Kleine-Levin syndrome, also sometimes referred to as Sleeping Beauty syndrome, is a rare neurological disorder that involves episodes of excessive sleep and altered behavior.
During these episodes, affected individuals often sleep for up to 20 hours per day and are unable to meet work and social demands of their everyday life. These episodes usually last for a few weeks, then the individual returns to near perfect health until the initiation of the next episode.
The syndrome usually presents in adolescence, but symptoms can begin at any age, from childhood to adulthood. It affects more males than females, with approximately 70% of Kleine-Levin patients being male. However, the females that are affected tend to have a longer course of disease than men.
An individual with Kleine-Levin syndrome experiences periodic episodes of altered sleep habits and behaviors. Between these episodes, patients do not notice any symptoms and appears to be in otherwise perfect health.
During an episode of Kleine-Levin syndrome, the patient becomes very drowsy and sleeps throughout the night and most of the day, known as hypersomnolence. In many cases, individuals sleep continuously and wake up only for short periods to eat or go to the bathroom, which can disrupt their professional or social life considerably. Characteristic symptoms may include:
- Childlike or “spacey” demeanour
- Confusion and disorientation
- Lethargy and fatigue
- Lack of emotions and focus
- Photosensitivity and phonosensitivity
- Compulsive hyperphagia (food cravings)
The symptoms during the episode may last for a few days but can continue for several months in some cases, inhibiting normal daily activities. They then resolve spontaneously for a period of time until another episode begins suddenly some time later.
The diagnosis of Kleine-Levin syndrome is usually delayed for several years after the presentation of the first episode, as initially the symptoms are attributed to other sleeping disorders. It is the characteristic pattern of Kleine-Levin syndrome, which occurs in distinct periodic episodes, that sets the condition apart from other sleeping disorders.
The diagnostic criteria of Kleine-Levin syndrome are recurrent episodes of severe hypersomnia (2-31 days), interspersed with long periods of regular sleep habits, cognition mood and behavior. During episodes, they will also exhibit at least one of:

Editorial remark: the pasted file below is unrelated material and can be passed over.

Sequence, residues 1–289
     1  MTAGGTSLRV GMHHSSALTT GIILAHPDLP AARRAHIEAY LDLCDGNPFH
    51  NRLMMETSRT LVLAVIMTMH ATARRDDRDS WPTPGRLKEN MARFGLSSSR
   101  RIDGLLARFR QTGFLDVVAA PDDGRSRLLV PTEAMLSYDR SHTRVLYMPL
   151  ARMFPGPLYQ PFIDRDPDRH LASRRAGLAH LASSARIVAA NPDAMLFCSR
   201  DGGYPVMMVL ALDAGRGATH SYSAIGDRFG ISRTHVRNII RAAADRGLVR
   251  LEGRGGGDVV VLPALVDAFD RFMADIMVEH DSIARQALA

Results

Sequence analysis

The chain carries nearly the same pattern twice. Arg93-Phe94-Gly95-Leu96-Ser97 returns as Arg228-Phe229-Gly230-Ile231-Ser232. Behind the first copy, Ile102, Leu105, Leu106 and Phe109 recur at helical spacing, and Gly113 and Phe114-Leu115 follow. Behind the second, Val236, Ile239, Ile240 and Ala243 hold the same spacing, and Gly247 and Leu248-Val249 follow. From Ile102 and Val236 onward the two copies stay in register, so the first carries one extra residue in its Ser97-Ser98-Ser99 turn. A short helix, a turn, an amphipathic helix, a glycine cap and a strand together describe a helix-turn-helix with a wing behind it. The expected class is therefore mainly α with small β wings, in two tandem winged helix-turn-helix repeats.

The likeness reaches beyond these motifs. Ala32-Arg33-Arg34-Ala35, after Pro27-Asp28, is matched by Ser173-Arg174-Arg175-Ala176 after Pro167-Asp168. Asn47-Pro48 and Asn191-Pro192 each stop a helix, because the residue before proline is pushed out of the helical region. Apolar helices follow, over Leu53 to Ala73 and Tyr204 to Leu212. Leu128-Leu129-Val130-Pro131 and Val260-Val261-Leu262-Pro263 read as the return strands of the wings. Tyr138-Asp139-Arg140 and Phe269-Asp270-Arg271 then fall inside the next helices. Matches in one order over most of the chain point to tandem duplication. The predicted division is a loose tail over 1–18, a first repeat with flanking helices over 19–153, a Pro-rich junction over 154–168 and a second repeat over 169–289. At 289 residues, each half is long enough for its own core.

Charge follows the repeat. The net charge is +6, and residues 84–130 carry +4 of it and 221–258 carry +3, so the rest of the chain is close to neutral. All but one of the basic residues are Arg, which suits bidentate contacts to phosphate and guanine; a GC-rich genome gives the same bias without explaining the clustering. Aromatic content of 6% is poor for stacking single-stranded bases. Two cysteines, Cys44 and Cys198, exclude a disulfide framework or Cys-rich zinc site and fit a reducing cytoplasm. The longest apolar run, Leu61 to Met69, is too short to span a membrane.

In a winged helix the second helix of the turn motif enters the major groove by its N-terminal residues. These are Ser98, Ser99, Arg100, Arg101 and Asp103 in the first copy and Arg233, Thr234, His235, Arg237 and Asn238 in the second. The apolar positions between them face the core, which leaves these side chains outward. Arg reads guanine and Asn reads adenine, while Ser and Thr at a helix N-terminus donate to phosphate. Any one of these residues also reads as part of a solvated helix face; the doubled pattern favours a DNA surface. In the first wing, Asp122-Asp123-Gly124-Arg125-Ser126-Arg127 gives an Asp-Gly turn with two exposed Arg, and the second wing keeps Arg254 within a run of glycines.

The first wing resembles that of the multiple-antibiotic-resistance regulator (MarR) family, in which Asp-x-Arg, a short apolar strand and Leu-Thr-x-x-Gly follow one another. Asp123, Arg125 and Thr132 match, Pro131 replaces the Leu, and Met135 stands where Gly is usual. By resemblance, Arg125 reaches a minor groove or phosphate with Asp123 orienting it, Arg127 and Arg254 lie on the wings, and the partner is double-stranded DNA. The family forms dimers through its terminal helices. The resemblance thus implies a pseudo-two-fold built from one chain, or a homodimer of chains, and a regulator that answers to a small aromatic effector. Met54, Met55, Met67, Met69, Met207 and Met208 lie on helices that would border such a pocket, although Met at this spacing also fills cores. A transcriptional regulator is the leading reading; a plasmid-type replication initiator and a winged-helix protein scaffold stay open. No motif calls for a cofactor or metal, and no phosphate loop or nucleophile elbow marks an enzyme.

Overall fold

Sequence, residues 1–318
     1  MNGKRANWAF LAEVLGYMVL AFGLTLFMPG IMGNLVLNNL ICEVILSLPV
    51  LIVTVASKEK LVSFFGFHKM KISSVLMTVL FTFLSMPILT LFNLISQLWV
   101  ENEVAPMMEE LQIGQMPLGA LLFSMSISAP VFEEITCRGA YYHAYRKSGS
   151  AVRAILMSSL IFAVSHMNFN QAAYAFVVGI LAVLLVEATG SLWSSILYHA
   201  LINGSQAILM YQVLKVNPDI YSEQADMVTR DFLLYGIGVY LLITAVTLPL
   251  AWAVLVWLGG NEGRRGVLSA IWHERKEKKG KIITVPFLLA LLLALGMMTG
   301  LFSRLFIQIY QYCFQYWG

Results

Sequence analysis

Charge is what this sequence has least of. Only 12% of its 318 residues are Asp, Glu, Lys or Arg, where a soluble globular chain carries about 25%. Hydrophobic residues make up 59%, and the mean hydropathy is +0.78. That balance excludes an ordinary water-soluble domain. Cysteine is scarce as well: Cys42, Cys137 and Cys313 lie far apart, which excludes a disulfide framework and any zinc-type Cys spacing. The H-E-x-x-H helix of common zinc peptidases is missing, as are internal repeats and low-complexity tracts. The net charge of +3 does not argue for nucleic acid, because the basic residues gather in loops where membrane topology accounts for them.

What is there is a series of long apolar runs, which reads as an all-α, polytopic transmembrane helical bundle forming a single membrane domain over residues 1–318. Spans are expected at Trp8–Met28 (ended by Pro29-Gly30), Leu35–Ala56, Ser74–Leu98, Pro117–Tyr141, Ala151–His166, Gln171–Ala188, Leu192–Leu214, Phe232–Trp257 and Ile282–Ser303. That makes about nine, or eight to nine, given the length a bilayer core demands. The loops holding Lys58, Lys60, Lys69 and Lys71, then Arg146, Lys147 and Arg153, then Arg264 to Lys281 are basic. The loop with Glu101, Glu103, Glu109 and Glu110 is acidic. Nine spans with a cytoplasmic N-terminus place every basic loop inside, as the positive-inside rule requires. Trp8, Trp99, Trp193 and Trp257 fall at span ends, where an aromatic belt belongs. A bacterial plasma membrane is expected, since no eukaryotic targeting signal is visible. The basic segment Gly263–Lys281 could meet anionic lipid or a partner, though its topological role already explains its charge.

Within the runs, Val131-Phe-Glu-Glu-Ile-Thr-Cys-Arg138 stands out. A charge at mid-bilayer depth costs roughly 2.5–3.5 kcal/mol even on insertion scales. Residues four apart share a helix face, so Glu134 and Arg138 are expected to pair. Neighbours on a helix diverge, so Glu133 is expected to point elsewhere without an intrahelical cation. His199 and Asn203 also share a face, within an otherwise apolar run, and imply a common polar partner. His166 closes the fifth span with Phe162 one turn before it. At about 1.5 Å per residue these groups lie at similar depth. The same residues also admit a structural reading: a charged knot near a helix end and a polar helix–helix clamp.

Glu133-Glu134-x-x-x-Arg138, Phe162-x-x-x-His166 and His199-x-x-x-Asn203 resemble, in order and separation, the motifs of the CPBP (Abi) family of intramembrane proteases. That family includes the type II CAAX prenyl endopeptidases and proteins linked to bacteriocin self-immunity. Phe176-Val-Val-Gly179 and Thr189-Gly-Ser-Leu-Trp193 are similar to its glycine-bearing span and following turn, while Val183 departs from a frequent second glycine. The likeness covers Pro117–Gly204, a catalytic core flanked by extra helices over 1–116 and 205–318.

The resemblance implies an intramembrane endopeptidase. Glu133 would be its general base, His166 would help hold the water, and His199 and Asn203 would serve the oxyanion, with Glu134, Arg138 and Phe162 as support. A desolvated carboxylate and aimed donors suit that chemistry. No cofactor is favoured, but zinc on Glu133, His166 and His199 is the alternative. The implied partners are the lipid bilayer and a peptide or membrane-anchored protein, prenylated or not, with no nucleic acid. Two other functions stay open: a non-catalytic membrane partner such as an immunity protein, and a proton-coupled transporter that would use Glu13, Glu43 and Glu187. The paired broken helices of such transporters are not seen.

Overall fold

- Cognitive abnormalities (e.g. confusion or hallucinations)
- Abnormal behavior (e.g. irritability or aggression)
- Binge eating
The diagnosis of Kleine-Levin syndrome should be differentiated from other cyclic hypersomnia disorders, such as premenstrual syndrome in adolescent women, and encephalopathy, recurrent depression and recurrent psychosis.
Management of Episodes
There is no specific treatment for the prevention of Kleine-Levin syndrome episodes and watchful waiting is usually the recommended approach, rather than pharmacotherapy.
During an episode, medications may be recommended to manage excessive sleepiness symptoms. This may include stimulant medications, such as modafinil, amphetamines or methylphenidate. However, these medications are not able to effectively improve cognitive abnormalities are associated with side effects such as irritability and other mood changes.
Other pharmacotherapy options that are sometimes recommended include lithium and carbamazepine. These drugs were suggested for use due to the similarity in symptoms between Kleine-Levin syndrome and other mood disorders, and may be effective to prevent or prolong the period before the initiation of another episode.
Additionally, some alternative pharmacological treatments are currently being used to test the response of an individual. This includes the anticonvulsant medication, phenytoin, which has appeared to precipitate a positive response in some patients.